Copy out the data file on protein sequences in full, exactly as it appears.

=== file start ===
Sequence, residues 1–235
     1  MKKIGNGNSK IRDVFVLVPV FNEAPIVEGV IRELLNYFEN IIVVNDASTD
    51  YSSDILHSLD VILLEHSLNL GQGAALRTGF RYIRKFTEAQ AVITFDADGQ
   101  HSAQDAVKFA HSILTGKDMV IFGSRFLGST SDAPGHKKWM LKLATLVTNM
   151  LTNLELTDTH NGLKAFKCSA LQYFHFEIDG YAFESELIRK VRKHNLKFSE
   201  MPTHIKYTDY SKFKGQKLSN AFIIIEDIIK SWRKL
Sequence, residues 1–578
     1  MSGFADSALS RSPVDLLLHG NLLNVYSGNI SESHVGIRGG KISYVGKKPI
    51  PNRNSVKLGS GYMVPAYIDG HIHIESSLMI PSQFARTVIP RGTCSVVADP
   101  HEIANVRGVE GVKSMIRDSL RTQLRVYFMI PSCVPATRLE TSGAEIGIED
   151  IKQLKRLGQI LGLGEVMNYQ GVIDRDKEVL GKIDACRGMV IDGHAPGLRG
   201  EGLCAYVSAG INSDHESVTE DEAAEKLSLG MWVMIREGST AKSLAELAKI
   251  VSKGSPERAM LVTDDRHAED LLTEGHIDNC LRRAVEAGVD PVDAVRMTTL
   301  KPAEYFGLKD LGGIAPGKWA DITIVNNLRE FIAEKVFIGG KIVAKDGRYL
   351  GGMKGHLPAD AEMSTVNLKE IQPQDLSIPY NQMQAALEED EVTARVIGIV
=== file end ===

Sequence, residues 1–235
     1  MKKIGNGNSK IRDVFVLVPV FNEAPIVEGV IRELLNYFEN IIVVNDASTD
    51  YSSDILHSLD VILLEHSLNL GQGAALRTGF RYIRKFTEAQ AVITFDADGQ
   101  HSAQDAVKFA HSILTGKDMV IFGSRFLGST SDAPGHKKWM LKLATLVTNM
   151  LTNLELTDTH NGLKAFKCSA LQYFHFEIDG YAFESELIRK VRKHNLKFSE
   201  MPTHIKYTDY SKFKGQKLSN AFIIIEDIIK SWRKL
Sequence, residues 1–578
     1  MSGFADSALS RSPVDLLLHG NLLNVYSGNI SESHVGIRGG KISYVGKKPI
    51  PNRNSVKLGS GYMVPAYIDG HIHIESSLMI PSQFARTVIP RGTCSVVADP
   101  HEIANVRGVE GVKSMIRDSL RTQLRVYFMI PSCVPATRLE TSGAEIGIED
   151  IKQLKRLGQI LGLGEVMNYQ GVIDRDKEVL GKIDACRGMV IDGHAPGLRG
   201  EGLCAYVSAG INSDHESVTE DEAAEKLSLG MWVMIREGST AKSLAELAKI
   251  VSKGSPERAM LVTDDRHAED LLTEGHIDNC LRRAVEAGVD PVDAVRMTTL
   301  KPAEYFGLKD LGGIAPGKWA DITIVNNLRE FIAEKVFIGG KIVAKDGRYL
   351  GGMKGHLPAD AEMSTVNLKE IQPQDLSIPY NQMQAALEED EVTARVIGIV